Electing President Lincoln

by Jeff Anderson, McCormick Museum Tour Coordinator

This summer, the Robert R. McCormick Museum at Cantigny Park in Wheaton, Illinois, obtained a painting by Chicago Tribune artist James Sessions. The painting depicts a meeting between Abraham Lincoln and Chicago Tribune editors, Joseph Medill and Dr. Charles Ray. Lincoln was seeking advice regarding a speech that he would be giving in New York the following year. This speech was famously known as the Cooper Union speech, which was considered to be one of his most important speeches of his career. Some historians argued that it was this speech that was responsible for his victory in the presidential election later that year.

Joseph Medill and Charles Ray were fierce advocates of Lincoln. Their allegiance was formed during the senate race against Senator Stephen Douglas. During that election the Chicago Tribune published several articles and editorials praising Lincoln.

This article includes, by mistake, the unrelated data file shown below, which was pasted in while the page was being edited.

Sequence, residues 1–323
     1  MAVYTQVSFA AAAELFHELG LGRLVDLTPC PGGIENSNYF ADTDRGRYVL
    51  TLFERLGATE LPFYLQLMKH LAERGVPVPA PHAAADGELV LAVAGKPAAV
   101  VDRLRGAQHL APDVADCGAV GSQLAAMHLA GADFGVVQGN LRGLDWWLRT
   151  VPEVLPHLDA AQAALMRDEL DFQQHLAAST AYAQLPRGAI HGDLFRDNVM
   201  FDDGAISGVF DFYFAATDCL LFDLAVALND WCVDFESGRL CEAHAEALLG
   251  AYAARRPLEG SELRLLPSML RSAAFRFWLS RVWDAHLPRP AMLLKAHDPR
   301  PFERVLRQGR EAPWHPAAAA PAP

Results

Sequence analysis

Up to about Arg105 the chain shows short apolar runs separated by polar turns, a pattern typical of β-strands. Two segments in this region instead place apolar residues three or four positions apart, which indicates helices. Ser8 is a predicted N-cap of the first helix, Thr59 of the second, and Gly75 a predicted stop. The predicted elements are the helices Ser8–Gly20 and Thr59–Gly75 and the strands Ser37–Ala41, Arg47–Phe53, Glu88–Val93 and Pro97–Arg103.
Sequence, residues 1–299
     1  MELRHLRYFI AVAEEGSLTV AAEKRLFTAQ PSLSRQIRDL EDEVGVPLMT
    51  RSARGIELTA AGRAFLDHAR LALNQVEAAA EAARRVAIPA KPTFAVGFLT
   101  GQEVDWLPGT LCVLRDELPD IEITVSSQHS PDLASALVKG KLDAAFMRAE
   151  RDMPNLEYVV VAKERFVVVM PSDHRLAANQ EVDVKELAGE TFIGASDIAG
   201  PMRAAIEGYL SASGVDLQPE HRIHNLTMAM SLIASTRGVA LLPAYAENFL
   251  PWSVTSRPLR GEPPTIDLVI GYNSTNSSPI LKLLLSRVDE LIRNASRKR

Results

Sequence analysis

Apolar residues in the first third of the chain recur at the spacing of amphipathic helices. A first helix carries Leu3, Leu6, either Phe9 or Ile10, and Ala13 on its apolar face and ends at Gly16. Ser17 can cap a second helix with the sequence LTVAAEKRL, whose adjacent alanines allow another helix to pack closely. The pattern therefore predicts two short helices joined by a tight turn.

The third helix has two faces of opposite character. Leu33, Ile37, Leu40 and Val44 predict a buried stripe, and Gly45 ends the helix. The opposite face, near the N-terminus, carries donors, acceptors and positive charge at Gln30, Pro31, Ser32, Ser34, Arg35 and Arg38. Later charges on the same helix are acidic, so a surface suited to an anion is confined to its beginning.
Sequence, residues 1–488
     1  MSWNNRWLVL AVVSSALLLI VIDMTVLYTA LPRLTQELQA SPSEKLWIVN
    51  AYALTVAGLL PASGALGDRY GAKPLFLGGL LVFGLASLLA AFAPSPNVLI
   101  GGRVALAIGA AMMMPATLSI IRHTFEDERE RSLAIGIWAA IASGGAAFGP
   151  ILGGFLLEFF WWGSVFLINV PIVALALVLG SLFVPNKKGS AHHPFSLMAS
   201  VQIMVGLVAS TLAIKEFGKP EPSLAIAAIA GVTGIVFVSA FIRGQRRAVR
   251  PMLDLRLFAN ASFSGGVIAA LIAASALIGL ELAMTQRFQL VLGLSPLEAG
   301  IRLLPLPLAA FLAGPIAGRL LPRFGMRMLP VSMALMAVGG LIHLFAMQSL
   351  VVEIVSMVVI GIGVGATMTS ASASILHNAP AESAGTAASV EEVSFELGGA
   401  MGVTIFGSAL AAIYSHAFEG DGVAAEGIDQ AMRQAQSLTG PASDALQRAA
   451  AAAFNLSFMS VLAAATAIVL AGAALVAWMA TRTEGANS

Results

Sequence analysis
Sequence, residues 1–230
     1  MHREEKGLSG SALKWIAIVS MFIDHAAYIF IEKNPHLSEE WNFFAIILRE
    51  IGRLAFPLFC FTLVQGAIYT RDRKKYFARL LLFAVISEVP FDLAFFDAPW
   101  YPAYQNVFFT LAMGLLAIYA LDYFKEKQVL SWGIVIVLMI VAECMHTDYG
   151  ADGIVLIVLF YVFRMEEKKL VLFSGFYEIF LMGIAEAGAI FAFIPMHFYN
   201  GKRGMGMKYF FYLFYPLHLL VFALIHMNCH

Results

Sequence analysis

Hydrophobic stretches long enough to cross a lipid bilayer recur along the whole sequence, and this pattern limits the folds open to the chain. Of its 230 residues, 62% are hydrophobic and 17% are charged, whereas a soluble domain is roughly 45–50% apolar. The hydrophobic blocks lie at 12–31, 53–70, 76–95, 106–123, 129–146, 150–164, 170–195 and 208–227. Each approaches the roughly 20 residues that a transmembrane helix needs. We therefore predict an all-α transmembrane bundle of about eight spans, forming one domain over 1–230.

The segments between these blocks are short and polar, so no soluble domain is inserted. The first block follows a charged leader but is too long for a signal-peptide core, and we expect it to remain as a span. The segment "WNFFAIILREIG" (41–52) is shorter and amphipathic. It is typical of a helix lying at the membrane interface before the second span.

On February 28, 1860, Lincoln delivered the Cooper Union speech in which he elaborated views on slavery affirming that he did not wish it to be expanded to the western territories and claiming that the majority of the Founding Fathers would agree with this position. This stance was in direct rebuttal to Senator Douglas’s most recent stance that the Founding Fathers favored popular sovereignty, under which settlers in each territory decided their own status as a salve or a free state.

When Medill and Ray finally read Lincoln’s speech, they noticed that nearly all of their advice and alterations were absent. Ray said “old Abe must have lost out the car window all our precious notes …”


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